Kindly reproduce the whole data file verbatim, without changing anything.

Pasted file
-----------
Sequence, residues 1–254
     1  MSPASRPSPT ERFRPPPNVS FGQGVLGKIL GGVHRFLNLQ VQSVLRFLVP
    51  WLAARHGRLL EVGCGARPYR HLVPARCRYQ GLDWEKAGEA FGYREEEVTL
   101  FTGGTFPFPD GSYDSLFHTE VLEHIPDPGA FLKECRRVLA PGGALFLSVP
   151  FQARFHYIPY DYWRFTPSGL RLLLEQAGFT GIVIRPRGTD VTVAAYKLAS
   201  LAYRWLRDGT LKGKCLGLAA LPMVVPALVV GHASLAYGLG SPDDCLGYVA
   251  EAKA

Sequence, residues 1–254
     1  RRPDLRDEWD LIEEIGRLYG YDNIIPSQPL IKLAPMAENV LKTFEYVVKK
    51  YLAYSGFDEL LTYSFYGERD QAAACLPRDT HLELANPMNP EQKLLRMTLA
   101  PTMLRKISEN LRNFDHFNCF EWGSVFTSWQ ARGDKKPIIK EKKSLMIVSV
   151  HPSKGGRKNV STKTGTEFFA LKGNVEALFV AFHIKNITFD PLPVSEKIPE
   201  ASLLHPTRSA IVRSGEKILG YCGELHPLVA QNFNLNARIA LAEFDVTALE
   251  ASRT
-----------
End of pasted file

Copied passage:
Sequence, residues 1–254
     1  MSPASRPSPT ERFRPPPNVS FGQGVLGKIL GGVHRFLNLQ VQSVLRFLVP
    51  WLAARHGRLL EVGCGARPYR HLVPARCRYQ GLDWEKAGEA FGYREEEVTL
   101  FTGGTFPFPD GSYDSLFHTE VLEHIPDPGA FLKECRRVLA PGGALFLSVP
   151  FQARFHYIPY DYWRFTPSGL RLLLEQAGFT GIVIRPRGTD VTVAAYKLAS
   201  LAYRWLRDGT LKGKCLGLAA LPMVVPALVV GHASLAYGLG SPDDCLGYVA
   251  EAKA

Sequence, residues 1–254
     1  RRPDLRDEWD LIEEIGRLYG YDNIIPSQPL IKLAPMAENV LKTFEYVVKK
    51  YLAYSGFDEL LTYSFYGERD QAAACLPRDT HLELANPMNP EQKLLRMTLA
   101  PTMLRKISEN LRNFDHFNCF EWGSVFTSWQ ARGDKKPIIK EKKSLMIVSV
   151  HPSKGGRKNV STKTGTEFFA LKGNVEALFV AFHIKNITFD PLPVSEKIPE
   201  ASLLHPTRSA IVRSGEKILG YCGELHPLVA QNFNLNARIA LAEFDVTALE
   251  ASRT